Australia’ Smart meter leaders lag in securing devices
Centre for Internet Safety calls for consumer safeguards
Default passwords, unpatched firmware, unencrypted traffic: according to a report from a Canberra University research organisation, Australia’s smart electricity meter rollouts are characterised by n00b-level security gaffes.
The warning comes from the University’s Centre for Internet Safety, which published its Smart Meters: What does a connected house really mean? report earlier this week (PDF).
In particular, the report highlights two-way communication as a risk for consumers: meters that only send upstream metering data to the retailer have a much smaller useful attack surface, the report says.
The Register spoke to Nigel Phair of the Centre for Internet Safety at Canberra University about the findings.
Phair’s biggest complaint is about the lack of information available about the progress of smart metering in the Australian electricity sector, a problem he attributes to fragmented retail markets.
Only Victoria documents the smart meter rollout at the state level, he explained, because that state mandated their installation (the program was the subject of a critical auditor-general’s report in 2015 and available here (PDF).
In other states, a plethora of competing retailers made it hard to collate figures for smart meter rollouts. Phair also said with multiple retailers between distributors and customers, smart meters are more likely to be exposed to the Internet, simply because those different players need a ubiquitous communications platform.
The next step from installing smart meters, he said, will be smart home integration, and “that’s when we’ll get into really spooky stuff – ultra-targeted information based on your family make-up, what you do, and when you do it.”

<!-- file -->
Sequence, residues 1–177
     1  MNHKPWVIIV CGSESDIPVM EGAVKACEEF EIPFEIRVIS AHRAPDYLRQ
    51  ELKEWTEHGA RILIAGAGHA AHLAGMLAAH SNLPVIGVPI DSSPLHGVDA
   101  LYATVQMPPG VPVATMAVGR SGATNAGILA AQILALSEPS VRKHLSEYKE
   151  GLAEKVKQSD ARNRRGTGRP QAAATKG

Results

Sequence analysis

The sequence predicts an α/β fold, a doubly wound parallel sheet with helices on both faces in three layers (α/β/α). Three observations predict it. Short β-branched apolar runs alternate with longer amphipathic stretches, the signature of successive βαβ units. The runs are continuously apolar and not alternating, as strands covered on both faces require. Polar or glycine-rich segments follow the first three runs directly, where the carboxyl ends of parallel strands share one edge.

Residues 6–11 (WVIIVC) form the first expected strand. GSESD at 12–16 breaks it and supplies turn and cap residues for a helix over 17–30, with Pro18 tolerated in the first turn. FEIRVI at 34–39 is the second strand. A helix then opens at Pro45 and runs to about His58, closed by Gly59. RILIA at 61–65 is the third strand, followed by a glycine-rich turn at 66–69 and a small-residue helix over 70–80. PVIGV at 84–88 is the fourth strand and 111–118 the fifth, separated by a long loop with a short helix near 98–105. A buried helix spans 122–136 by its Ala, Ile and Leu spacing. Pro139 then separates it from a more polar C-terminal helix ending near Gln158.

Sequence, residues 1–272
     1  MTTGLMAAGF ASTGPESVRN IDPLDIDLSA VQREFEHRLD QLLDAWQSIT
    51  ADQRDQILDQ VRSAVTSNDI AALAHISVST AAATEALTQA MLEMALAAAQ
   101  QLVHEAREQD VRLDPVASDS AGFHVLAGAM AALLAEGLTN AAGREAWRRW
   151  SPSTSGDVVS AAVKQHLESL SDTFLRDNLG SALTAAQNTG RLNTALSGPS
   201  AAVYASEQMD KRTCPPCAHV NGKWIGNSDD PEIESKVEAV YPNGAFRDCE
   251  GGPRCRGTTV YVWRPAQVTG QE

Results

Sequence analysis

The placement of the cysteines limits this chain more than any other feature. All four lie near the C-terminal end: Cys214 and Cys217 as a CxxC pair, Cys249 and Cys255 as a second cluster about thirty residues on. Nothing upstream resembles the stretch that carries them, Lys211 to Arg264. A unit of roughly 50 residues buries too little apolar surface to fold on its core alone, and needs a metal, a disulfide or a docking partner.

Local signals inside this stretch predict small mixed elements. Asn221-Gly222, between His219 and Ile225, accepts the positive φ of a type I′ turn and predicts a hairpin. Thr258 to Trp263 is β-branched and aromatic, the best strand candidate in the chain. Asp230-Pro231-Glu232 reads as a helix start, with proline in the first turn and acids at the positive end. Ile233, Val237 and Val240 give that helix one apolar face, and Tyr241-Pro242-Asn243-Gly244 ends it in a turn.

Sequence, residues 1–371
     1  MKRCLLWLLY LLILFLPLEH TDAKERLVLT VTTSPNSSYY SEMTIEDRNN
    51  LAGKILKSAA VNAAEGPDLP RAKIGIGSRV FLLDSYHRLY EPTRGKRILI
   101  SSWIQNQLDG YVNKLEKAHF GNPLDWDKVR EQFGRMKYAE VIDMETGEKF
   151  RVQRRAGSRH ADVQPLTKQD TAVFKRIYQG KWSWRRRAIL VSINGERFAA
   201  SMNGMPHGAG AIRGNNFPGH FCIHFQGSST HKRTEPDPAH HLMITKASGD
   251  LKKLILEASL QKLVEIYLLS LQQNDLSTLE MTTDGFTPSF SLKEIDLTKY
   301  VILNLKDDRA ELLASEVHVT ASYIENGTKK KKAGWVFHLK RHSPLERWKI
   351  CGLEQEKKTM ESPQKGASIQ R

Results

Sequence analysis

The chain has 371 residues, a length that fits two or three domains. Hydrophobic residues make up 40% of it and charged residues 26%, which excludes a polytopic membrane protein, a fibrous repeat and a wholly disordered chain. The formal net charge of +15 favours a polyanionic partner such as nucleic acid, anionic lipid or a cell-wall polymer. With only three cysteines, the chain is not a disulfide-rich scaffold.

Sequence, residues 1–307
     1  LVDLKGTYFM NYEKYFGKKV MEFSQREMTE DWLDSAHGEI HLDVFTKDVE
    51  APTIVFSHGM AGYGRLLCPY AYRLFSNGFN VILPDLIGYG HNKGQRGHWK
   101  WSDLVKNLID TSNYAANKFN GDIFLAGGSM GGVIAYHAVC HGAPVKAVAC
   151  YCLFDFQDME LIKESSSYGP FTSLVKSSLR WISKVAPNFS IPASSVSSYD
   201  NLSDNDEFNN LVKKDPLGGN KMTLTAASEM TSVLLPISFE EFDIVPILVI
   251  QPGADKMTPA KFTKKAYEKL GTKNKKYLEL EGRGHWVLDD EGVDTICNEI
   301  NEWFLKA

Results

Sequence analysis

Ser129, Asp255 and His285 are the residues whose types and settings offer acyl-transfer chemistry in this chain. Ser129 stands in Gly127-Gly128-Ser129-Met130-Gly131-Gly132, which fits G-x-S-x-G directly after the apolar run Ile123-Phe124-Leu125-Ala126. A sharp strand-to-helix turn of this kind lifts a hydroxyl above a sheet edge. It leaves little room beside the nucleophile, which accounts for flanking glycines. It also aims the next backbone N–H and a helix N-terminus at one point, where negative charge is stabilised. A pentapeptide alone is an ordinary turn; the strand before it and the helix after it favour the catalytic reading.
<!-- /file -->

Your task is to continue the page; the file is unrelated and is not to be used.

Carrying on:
That makes better security even more of an imperative, Phair said, and in the report, he called for “robust” consumer protection frameworks to be put in place.
He warns that the combination of unencrypted communications from smart meters and weak password protection raises the risk that attackers could fingerprint households’ electricity use – for example, exposing them to the risk of burglary when a home’s occupants are absent.
The only possible bright spot is that a meter using electricity infrastructure as its communications channel might not be exposed to the Internet, thereby reducing the risk of intrusion.
Phair told The Register he’d like utilities to clean up their act before widespread deployments spread to water and gas utilities.
In Australia, electricity metering comfortably the pack in terms of adopting smarter technology, simply because those meters are easiest to power.
Water and household gas utilities are a long way behind (the report only cites one Australian case study in these sectors, that of Mackay Regional Council’s low-power WAN from Taggle Systems, designed to cut demand and avoid building a new AU$100 million water treatment plant).
Both the water and gas sectors tend to stick with one-way smart meters, to preserve the devices’ 15-year battery life. ®